Thursday, January 31, 2013

Book Review: The Tutor's Daughter

About the book
Filled with page-turning suspense, The Tutor's Daughter takes readers to the windswept Cornwall coast-a place infamous for shipwrecks and superstitions-where danger lurks, faith is tested, and romance awaits.
Emma Smallwood, determined to help her widowed father when his boarding school fails, accompanies him to the cliff-top manor of a baronet and his four sons. But soon after they arrive and begin teaching the two younger boys, mysterious things begin to happen. Who does Emma hear playing the pianoforte at night, only to find the music room empty? And who begins sneaking into her bedchamber, leaving behind strange mementoes?
The baronet's older sons, Phillip and Henry Weston, wrestle with problems-and secrets-of their own. They both remember the studious Miss Smallwood from their days at her father's academy. But now one of them finds himself unexpectedly drawn to her...
When suspicious acts escalate, can Emma figure out which brother to blame and which to trust with her heart?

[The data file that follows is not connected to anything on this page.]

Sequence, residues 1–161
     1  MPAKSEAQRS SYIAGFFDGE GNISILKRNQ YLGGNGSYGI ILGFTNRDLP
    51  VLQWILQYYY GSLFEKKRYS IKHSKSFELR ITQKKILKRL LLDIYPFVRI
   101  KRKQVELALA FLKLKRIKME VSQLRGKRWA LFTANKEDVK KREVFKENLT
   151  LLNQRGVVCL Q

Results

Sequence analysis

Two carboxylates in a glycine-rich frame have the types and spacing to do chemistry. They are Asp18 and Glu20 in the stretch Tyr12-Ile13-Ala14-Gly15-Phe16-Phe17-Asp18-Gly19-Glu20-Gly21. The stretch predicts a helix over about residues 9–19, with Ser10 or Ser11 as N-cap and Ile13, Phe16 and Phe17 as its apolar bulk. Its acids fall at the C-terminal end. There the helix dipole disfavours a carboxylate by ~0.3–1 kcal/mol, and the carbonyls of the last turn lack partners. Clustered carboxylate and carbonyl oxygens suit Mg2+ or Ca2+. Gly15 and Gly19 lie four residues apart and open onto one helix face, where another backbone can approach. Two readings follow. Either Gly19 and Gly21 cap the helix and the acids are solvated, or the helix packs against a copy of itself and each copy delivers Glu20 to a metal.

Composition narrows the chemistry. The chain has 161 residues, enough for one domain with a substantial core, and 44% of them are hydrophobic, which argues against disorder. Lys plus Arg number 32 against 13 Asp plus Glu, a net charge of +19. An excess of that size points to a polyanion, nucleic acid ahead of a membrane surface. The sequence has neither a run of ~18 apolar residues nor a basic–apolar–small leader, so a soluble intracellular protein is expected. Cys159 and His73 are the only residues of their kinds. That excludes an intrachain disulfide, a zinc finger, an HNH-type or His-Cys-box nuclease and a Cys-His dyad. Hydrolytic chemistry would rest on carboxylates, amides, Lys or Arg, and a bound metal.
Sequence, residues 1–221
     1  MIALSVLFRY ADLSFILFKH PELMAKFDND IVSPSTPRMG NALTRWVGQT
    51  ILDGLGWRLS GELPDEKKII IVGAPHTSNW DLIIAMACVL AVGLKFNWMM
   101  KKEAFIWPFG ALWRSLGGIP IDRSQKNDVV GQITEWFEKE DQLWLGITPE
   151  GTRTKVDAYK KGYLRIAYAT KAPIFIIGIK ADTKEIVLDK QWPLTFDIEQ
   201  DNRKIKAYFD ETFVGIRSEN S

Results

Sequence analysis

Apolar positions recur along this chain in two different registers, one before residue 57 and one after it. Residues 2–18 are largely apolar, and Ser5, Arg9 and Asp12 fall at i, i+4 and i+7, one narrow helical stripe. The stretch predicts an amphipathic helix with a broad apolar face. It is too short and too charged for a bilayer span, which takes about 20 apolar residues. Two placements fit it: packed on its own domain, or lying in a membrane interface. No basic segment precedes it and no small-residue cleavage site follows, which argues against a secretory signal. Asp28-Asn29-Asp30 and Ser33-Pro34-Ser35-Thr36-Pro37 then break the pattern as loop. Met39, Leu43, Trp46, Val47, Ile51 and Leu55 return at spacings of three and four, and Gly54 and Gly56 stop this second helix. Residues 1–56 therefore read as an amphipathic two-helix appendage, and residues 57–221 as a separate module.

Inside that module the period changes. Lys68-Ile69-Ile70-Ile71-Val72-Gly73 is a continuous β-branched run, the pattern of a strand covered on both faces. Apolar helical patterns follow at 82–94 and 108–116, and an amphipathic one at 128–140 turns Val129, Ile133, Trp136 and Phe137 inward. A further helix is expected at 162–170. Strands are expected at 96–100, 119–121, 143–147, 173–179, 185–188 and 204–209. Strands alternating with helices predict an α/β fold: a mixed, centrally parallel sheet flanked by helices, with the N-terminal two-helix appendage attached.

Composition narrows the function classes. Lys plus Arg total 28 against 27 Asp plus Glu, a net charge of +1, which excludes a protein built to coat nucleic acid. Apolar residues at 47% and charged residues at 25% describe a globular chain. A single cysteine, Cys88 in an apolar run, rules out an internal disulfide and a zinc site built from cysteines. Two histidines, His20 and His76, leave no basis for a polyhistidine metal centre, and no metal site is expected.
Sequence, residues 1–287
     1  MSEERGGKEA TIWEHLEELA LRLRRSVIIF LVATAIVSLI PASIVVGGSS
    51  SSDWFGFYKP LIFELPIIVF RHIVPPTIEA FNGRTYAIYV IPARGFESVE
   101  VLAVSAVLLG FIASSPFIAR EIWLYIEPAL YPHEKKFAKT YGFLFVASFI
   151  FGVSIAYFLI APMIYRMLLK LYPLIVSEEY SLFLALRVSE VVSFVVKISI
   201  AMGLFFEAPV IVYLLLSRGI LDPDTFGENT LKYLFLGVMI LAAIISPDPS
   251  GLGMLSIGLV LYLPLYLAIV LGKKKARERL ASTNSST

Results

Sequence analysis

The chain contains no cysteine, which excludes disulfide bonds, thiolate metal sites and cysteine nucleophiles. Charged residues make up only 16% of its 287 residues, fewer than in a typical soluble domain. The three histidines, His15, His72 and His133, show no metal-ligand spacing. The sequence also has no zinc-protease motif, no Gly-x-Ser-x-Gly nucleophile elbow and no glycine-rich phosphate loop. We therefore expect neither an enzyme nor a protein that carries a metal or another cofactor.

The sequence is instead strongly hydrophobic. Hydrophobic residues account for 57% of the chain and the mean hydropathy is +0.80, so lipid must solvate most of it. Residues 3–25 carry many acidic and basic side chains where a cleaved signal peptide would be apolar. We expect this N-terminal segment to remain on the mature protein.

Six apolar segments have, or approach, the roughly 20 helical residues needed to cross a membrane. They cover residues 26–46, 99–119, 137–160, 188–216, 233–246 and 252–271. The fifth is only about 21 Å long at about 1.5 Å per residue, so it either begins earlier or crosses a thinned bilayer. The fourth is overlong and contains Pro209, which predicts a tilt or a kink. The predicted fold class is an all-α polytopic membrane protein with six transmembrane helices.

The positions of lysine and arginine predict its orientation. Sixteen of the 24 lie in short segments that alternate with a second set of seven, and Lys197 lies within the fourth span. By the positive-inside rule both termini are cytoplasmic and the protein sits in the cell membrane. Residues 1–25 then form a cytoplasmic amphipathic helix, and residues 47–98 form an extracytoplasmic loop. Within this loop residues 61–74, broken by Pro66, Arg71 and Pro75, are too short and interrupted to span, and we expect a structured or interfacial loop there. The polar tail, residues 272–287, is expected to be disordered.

My thoughts
In all honesty, it took me a few chapters to really get into this book.  It is not because it is not well written, it just starts a little slow.  Having said that, once the story line picked up, it was difficult to put it down.  The characters are well written and I was able to identify with each of them, either personally, or, at the very least, I could see loved ones in the different characters.  Along the lines of great writing, was the descriptions of the locations, allowing the reader to truly feel as though they were there. On the negative side, I did find several parts that were predictable.  On the positive side, there are still many parts that were not.  I recommend this book to those who enjoy love stories with a bit of suspense, to those who enjoy historical romance and  those who enjoy shows like Downton Abbey, as the settings are similar.

About the author
Julie Klassen loves all things Jane--Jane Eyre and Jane Austen. A graduate of the University of Illinois, Julie worked in publishing for sixteen years and now writes full time. She has won the Christy Award: Historical Romance for The Silent Governess (2010) and The Girl in the Gatehouse (2011) which also won the 2010 Midwest Book Award for Genre Fiction. Julie and her husband have two sons and live in a suburb of St. Paul, Minnesota. 
Find out more about Julie at

I would like to thank Litfuse Publicity and the author for the copy of the book I received to facilitate this review.  As always, my opinion is my own.

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